For an s-orbital electron, the nucleus (r=0) is in fact the most likely point in space to find the electron. (but not the most likely radius)
There's no energy keeping them apart. It's just that an electron that's close to the nucleus, like an object that's fallen towards the ground, has a high kinetic energy. But unlike an object falling to the ground, an electron can't 'discard' that energy. So if it's there, it's not going to stay there for long.
The 'problem' of electrons 'falling into the nucleus' predates quantum physics. Classically, an electron can emit its kinetic energy and 'should' fall into the nucleus and just sit there.
This is what lead one to consider quantum mechanics: "why does not the electron fall into the proton?"
The easiest answer is that the form of the solutions to the Schrödinger Equation prevents this, only in the ground state, there is a non zero probability for the electron to be located at the origin (where the nucleus resigns) - we have to forget about that particles are tiny balls with classical forces acting between them.
Second is that from QM, we get something called the Heisenberg uncertainty relation, the electron can not be located at a specific position with 100% certainty, only with less. Thus one can only talk about a probability per unit time that an electron undergoes inverse beta decay with a proton in the nucleus.
So there is no additional force, we just have to forget about our classical, intuitive picture of particles as being tiny balls with classical forces acting on them.
My entire understanding of an atom was very far off.
Please correct me if you have time.
Bohr's atom says that electrons must be in orbit around the nucleus but that this could not alone stabalize and atom.
"An accelerated electric charge radiates energy and a circular motion constitutes acceleration"
Classical physics (Maxwell's equation) says that the electron would radiate energy away and spiral into the nucleus.
I understood that the there were three basic forces involved in this "balance"
1. The gravity attracting the Proton and the election
2. The unlike charge attraction
3. The large atomic force counteracting the first two.
well yes, since I just said that there is no additional 'force',
there are two forces involved, whereas gravity is 10^-19 times weaker than EM-force. The reason for the electron not spiralling down to the nucleus due to attractive EM-force is just the imposing of certain physical boundary conditions to the Schrödinger equation, which isthe "equation of motion" at quantum level.
What would you call copper-64? The only thing it doesn't do is capture positrons.
To the OP: Not taking away from malawi_glenn's explanation, which is correct...
It may help you to replace your current picture of an electron and a proton being magnetically attracted with a more descriptive and accurate one: The attraction is for the electron to be pulled into an inner orbital of the proton (nucleus). I.e. the attraction is to pull the electron into a position which is a solution to the Schrödinger equation. The concept of the magnets makes you think that the attraction is absolute at any distance, and it is not.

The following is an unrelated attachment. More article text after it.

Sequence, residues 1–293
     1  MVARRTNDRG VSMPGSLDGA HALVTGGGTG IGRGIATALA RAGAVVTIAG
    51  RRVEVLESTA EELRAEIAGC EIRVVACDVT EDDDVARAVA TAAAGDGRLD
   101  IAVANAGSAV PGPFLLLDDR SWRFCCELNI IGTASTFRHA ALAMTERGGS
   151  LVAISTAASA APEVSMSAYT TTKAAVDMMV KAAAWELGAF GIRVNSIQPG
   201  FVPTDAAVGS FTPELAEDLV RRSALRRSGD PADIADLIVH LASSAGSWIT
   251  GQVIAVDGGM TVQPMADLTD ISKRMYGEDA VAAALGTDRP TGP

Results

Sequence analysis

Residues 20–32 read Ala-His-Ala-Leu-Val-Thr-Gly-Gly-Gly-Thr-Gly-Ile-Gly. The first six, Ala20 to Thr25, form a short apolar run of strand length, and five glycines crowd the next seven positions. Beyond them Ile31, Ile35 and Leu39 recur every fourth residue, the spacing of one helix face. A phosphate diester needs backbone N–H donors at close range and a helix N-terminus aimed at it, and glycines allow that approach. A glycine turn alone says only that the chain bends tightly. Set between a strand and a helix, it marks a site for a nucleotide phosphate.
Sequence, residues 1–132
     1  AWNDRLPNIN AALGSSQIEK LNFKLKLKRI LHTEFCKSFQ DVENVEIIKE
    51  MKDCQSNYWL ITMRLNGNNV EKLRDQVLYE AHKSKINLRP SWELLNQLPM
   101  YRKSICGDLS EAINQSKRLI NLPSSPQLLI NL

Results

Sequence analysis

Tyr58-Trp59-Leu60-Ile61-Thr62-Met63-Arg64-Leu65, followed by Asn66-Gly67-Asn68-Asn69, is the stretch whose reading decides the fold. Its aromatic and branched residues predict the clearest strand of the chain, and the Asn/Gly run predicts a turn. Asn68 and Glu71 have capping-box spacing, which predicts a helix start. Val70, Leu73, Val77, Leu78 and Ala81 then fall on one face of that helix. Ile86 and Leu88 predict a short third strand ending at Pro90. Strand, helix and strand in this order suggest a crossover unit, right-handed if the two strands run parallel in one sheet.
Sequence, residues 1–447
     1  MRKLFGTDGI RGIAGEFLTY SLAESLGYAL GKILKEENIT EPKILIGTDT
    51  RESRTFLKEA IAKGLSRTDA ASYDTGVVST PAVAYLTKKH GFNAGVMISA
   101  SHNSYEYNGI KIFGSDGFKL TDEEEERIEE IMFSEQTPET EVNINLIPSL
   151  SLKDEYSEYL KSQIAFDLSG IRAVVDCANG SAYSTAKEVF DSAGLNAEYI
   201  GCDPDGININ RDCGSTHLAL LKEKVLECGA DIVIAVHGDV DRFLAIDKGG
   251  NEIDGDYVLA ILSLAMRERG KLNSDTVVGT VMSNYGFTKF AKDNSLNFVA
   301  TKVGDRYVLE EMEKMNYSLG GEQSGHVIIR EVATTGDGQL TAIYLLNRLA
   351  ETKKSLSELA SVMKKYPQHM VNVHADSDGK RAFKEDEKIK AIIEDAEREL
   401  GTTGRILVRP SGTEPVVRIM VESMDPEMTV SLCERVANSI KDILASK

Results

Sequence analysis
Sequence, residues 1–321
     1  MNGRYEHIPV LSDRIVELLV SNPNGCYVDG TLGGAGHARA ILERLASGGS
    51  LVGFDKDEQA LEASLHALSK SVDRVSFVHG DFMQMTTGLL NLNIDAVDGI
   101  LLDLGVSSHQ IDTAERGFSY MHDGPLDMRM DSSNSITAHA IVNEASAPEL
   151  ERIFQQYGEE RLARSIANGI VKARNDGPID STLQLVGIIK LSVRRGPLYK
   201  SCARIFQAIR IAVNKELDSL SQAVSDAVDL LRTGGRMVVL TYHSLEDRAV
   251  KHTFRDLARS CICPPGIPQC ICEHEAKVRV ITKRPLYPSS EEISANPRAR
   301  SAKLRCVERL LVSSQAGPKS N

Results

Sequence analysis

In fact: if you could place an election inside the first orbital (which is conceivable), then the electron would tend to move AWAY from the proton (rather than towards it as you might otherwise expect). This makes sense in terms of the equations which *correctly* describe the electron and proton, but makes NO sense if you picture a couple of magnets. Orbitals are not orbits, and charged particles are not magnets. So ultimately, you must replace one model with another if you want to understand what is really going on at a deeper level.
By the way, the same analogy applies with Newtonian Gravity vs. Einsteinian Gravity. You replace one model (which is simple and easy to understand) with a better one (which is far more accurate when accuracy matters).
I was just thinking about how great it would be if you could force an atom to collapse itself and release energy in that process.
It's the energy inside an eletron that makes it get farther from the nucleos, right? Such can be proved because energized eletrons skip distances.
So, follow my though: if an eletron emit a foton with a energy difference equivalent it's orbit and de nucleos, it skips to the nucleos and thus collide with a proton.
There's only one way to evade that, that is considering that the nucleos canNOT be considered an eletrosphere, and if you prove that you solve the puzzle right?
Sorry if there any errors on my logic, I'm new to this area and would appreciate corrections.
I'm away from my textbooks, but I'm pretty sure it's a problem in Liboff and/or Schiff.
It is a small effect, but it's important in that it breaks the n-L degeneracy. Also, for muonic atoms, it's a larger effect.
Your estimation is in the right ballpark, but you are wrong that it can not be measured.
Proton Structure Corrections to Hydrogen Hyperfine Splitting
Proton structure corrections to electronic and muonic hydrogen hyperfine splitting
You would then need energy to do that, and since atoms are weakly bound, you would not gain that much. The energies in atoms are of the order 10eV, whereas in nuclei the energies are of the order 1MeV, i.e 100 000 times bigger.